15) ‘Die Kieferninseln’ (‘The Pine Islands’) by Marion Poschmann (Review) 481
16) Introducing the 2019 MBIP Shadow Panel! 476
17) As I Crossed a Bridge of Dreams’ by Lady Sarashina (Review) – (2) 429
18) Man Booker International Prize 2019 – The Official Shortlist 427
19) Hopscotch’ by Julio Cortázar (Review) – (19) 417
20) Como agua para chocolate’ (‘Like Water for Chocolate’) by Laura Esquivel (Review) – (21) 413
21) Just who is Tony, and what exactly is his Reading List? – (13) 410
22) Man Booker International Prize 2019 – The Shadow Shortlist 400
23) In altre parole’ (‘In Other Words’) by Jhumpa Lahiri (Review) – (40) 393
24) The Girl from the Coast’ by Pramoedya Ananta Toer (Review) – (10) 393
25) A Decade of Tony’s Reading List 389

It’s probably a bit of an exaggeration to describe the year’s most popular post as ‘viral’, but while my MBIP speculation posts usually end up topping the list, this year’s offering went off like a rocket, becoming my most popular post ever within a matter of hours.  As you can see, only four of the posts in the first table actually made it onto this list, with a few old favourites making an appearance instead.  Kim Young-ha once again has two reviews in the top six, and my post on Boyd Tonkin’s choice of great books seems to have become another very popular reading choice.  Perhaps the most surprising appearance here, though, is that of Virginia Woolf’s Night and Day, one of the few works of English-language literature to get a look in 🙂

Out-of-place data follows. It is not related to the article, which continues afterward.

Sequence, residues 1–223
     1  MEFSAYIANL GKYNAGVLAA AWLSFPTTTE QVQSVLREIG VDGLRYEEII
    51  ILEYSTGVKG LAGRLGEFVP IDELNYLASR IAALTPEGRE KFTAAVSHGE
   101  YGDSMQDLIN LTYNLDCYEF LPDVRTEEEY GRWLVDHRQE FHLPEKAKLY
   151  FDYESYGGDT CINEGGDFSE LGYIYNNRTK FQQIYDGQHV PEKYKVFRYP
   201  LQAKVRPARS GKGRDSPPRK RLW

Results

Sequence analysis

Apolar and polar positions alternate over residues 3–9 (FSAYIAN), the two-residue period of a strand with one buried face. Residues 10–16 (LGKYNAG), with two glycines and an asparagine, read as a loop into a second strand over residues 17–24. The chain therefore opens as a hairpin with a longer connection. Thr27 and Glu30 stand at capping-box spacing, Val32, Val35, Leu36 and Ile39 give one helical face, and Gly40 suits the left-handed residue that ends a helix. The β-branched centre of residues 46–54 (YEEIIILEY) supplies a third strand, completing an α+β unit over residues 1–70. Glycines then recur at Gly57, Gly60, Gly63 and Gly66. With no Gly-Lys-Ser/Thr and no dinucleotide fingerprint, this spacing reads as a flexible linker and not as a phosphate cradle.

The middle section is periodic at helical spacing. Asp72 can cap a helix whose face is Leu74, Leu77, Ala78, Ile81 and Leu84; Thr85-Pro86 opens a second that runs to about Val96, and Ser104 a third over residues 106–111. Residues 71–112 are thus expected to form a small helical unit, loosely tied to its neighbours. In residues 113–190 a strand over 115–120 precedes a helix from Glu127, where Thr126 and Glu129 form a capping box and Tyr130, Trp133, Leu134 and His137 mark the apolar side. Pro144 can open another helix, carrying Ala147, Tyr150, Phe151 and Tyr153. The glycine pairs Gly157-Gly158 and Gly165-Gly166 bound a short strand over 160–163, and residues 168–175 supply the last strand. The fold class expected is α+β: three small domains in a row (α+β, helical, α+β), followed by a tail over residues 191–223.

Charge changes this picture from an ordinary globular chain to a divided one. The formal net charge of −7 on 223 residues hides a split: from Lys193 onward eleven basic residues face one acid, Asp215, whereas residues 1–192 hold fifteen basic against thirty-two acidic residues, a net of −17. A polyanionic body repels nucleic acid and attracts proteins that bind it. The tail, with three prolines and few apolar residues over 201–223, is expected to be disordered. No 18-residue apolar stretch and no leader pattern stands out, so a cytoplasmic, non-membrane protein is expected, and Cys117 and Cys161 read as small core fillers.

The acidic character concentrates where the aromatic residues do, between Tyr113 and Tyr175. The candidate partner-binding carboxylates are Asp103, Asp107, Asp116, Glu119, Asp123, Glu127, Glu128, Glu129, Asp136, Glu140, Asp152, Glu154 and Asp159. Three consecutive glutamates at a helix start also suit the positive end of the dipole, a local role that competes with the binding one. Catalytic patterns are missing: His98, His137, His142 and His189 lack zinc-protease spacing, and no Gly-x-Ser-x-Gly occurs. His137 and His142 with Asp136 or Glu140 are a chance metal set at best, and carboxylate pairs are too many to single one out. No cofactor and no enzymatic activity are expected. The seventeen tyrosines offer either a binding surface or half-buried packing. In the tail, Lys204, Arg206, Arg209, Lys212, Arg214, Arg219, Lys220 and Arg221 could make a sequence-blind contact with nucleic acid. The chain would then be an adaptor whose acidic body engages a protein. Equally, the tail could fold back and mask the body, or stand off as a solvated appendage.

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Finally, let’s extend our focus and look at what has been popular since the 2015 blog migration.  In a slight change this year (primarily in order to show more review posts), I’ve decided to exclude certain posts, such as my introduction page and the various MBIP prediction posts.  Here, then, are the posts that just keep on giving:

1) ‘I Have the Right to Destroy Myself’ by Kim Young-ha (Review) 3070
2) ‘Los Niños Tontos / The Foolish Children’ by Ana María Matute (Review) 2116
3) ‘Photo Shop Murder’ and Other Stories by Kim Young-ha (Review) 2013
4) ‘As I Crossed a Bridge of Dreams’ by Lady Sarashina (Review) 1887
5) ‘The Girl from the Coast’ by Pramoedya Ananta Toer (Review) 1883
6) ‘Celestial Bodies’ by Jokha Alharthi (Review) 1715
7) ‘Gehen, ging, gegangen’ (‘Go, Went, Gone’) by Jenny Erpenbeck (Review) 1674